After a hearty breakfast, I ventured outside to take in the scenery and there it was, my first Antarctic penguin hopped out of the water, then another, then another, then another... Euggghhhh what was that smell? ‘Ahhhhh’ my cabin mate explained ‘eau de penguin, we know we have reached Antarctica’. These dudes STINK. We were still a fair distance from the actual land and you could smell the buggers from here. Everything felt different here, not sure how to explain it. Something about the colour of the sky and the sea was a blue that i had never seen before. I kitted myself out in several layers of clothing, including welly boots, and we made our first landing, via zodiac dinghys, to Aitchoo island. Stefan greets us as we land to a rocky beach and explains what we expect to see here, where we can wander to, and various do’s and don’ts and off we go to explore these lands. Penguin action EVERYWHERE, mostly juveniles it seems, gentoo penguins and chinstrap penguins, identified by their black banding under the chin. ‘This time of the morning, most of the adults are either already out fishing or getting ready to go’ Stefan explained ‘most of the penguins left here are young and are generally very curious to find out who you are, they are not used to seeing people. Just sit down somewhere and let them take a look at you, take in your surroundings’ So, i did exactly that and got surrounded, nibbled, prodded, by young gentoo penguins! One even tried to steal my camera! There were several colonies of penguins on this island, thousands of them in total and a couple of huge elephant seals flumping about with difficulty. Apparently, the penguins can recognise their own young amongst the thousands by their unique call. All sounded the same to me, an orgasm of waddling, hopping, flopping, noisy smelly penguins.
Our second landing that same afternoon was to halfmoon island where we spot a single macaroni penguin, a dude with fluffy yellow ‘eyebrows’, quite comical looking. We joked that in the absence of a mirror he probably wondered why the other penguins were giving him strange looks ‘what?’ and we invented singlemacaroni.com for him, a specialised dating website. There was not as much of the white stuff here as I had expected for Antarctica, apart from a few glaciers, these islands were pretty rocky actually. After our overnight sailing though further south towards the Antarctic mainland peninsula, we awoke to a proper white winter wonderland and the kind of scenes that i could only have imagined in my dreams.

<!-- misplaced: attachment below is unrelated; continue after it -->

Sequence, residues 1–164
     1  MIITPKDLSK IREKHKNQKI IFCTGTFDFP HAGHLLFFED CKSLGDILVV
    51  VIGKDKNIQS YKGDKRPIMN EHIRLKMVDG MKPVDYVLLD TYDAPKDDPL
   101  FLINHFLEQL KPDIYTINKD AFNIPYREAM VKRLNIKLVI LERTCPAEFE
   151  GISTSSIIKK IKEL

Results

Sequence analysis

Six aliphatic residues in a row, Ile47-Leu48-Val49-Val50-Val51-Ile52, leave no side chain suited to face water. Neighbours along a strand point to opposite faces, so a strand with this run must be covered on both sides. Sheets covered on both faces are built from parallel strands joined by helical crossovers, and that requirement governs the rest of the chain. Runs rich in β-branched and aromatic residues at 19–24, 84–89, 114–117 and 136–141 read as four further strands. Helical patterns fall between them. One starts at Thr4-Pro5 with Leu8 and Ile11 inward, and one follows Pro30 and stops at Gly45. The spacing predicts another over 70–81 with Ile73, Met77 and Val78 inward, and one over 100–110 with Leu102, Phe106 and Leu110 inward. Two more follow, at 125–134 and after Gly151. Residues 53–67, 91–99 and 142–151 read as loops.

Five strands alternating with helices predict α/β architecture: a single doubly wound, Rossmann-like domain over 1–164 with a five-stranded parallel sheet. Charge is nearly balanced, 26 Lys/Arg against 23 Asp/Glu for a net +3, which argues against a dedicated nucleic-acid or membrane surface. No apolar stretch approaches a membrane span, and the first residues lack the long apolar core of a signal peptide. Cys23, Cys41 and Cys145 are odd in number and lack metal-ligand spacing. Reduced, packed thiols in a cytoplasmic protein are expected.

On this afternoon, 1st February, I took my first steps onto the Antarctic mainland continent and trekked up a glacier for a view of this breathtaking magical world. Turns out that on this same day some significant things were happening 11,000 miles away back home in England that were to change my life. There is no wifi, no phone signal, nothing in these remote lands so i was completely oblivious that my company was closing down the site where I worked and several thousand of us scientists were to lose our jobs. Oblivious and in complete oblivion, looking down a pristine white valley towards jewel covered seas perfectly reflecting the edge of a huge glacier. Mountains all around us, pure air, special place. It felt like we were the first explorers ever to set foot on this land. Tentative steps on the virgin snow but still losing my footing a few times, my whole leg would occasionally disappear in the snow. It was also on this special day that we met with the Minke whales in Andvord bay. Does it get any better? We celebrated this unique day with some champagne on the helicopter landing circle on top of our ship. This day had to be one of the best days of my whole year of travelling, one of the best days of my life. Unforgettable.
Due to our extreme latitude, and it being the height of summer in the southern hemisphere, it was still daylight when we made a landing at 11pmish to the Chilean Antarctic base. We were warned that the base was full of Chilean military, all men, and that they hadn’t seen a female in several months! Poor guys! Quite a depressing place really, they live on tinned food with only the penguins for entertainment! The excuse for our visit was to provide fresh water and fruit to the guys there but excuse me, does Antarctica not contain 70% of the world’s fresh water? Just melt some ice damnit!